Frankie Gavin (b. 1956)
Frankie Gavin is one of the most renowned living Irish musicians. Though primarily known as a virtuoso fiddler and founder member of De Danann, he has composed several tunes. One in particular. Alice's Reel, has entered the standard repertoire
The following biography comes from http://www.taramusic.com/biogs/fgavinbg.htm
Frankie Gavin was born in 1956 in Corrandulla, Co. Galway. He comes from a musical family: his father played fiddle, and, his mother and all of her family played also. He started playing the tin whistle at age four, making his first T.V. appearance three years later. At the age of ten years old Frankie began to play fiddle and at the age of seventeen he placed first in the All Ireland Fiddle Competition and in the All Ireland Flute Competition, both on the same day.
Mainly learning by ear, he was strongly influenced by the 78 recordings of Michael Coleman and James Morrison. Sessions in the Cellar Bar, Galway and later in Hughes’ pub in Spiddal led to the formation of De Dannan in 1973.
His Currandulla connection came in useful when De Danann were looking for a singer, and it was he who came up with Dolores Keane from nearby Cahirlistrane. When De Danann brought out their first album, her singing of The Rambling Irishman gained a lot of airplay for the group. Although De Danann has had many highpoints over a quarter of a century, particularly with the singing of Dolores Keane and Maura O'Connell and the box playing of Mairtin O'Connor, Frankie’s powerful virtuoso fiddle playing has always been at the core of the De Dannan sound.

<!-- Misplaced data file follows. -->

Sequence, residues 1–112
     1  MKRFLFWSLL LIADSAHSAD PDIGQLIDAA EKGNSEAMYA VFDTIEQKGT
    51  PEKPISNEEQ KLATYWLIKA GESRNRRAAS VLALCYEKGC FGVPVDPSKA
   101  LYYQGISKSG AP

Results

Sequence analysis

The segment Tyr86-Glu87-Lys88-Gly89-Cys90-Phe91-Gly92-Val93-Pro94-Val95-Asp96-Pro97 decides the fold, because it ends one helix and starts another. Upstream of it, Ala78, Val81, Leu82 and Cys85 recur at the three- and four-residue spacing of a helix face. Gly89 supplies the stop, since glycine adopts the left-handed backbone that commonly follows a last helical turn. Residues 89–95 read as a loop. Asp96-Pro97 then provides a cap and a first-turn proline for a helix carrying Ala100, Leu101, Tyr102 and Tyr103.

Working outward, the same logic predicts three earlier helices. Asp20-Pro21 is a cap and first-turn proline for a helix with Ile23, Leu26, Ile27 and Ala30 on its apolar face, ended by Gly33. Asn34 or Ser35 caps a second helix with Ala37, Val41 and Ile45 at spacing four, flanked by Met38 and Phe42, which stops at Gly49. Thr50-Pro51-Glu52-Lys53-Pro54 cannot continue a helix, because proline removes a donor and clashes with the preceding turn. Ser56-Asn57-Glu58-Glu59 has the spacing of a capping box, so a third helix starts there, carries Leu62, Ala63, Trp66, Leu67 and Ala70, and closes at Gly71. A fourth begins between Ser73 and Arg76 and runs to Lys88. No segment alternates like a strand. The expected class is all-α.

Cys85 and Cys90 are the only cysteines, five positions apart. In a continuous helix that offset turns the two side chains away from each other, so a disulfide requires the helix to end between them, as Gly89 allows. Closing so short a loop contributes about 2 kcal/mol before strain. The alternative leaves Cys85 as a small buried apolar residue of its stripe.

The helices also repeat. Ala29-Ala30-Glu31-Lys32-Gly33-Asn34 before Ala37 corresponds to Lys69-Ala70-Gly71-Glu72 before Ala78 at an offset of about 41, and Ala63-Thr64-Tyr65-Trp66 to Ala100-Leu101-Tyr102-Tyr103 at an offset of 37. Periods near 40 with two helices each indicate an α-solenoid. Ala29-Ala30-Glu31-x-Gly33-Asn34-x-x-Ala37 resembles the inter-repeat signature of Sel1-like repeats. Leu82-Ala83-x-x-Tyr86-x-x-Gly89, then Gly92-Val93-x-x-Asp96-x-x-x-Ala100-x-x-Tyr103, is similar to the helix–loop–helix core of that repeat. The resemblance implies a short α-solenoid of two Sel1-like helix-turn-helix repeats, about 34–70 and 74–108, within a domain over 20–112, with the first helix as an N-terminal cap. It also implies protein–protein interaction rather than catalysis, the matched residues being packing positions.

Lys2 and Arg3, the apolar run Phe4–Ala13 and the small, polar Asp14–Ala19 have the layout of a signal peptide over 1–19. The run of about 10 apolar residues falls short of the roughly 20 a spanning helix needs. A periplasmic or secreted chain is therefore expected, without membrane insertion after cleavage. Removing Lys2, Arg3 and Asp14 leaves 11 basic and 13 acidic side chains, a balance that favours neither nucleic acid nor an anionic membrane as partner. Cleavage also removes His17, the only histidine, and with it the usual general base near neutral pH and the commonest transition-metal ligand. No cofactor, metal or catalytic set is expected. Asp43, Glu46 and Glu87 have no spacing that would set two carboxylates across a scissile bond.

He has recorded 16 albums with De Dannan as well as a number of solo albums, and three collaborations: one a tribute to Joe Cooley entitled ‘Omos do Joe Cooley’ with Paul Brock; a fine collaboration with fellow De Dannan member Alec Finn; and one with Stephane Grapelli exploring the languages of jazz and traditional music. He has also guested with The Rolling Stones on their ‘Voodoo Lounge’ album, with Keith Richards on ‘Wingless Angels’ and with Earl Scruggs the great banjo man.
Exposure to American audiences began in 1976 when he played with De Danann at the American bicentennial celebrations in Washington DC, with artists such as Junior Crehan and Micho Russell. Frankie has also been invited to play for numerous State officials including President John F. Kennedy on historic visit to Ireland in 1962, French president Francois Mitterand and England's Prince Charles. Of a special event in America, United States Ambassador to Ireland, Jean Kennedy Smith is reported to have commented that "The best all 'round performance of the entire week at Kennedy Center was by DeDannan."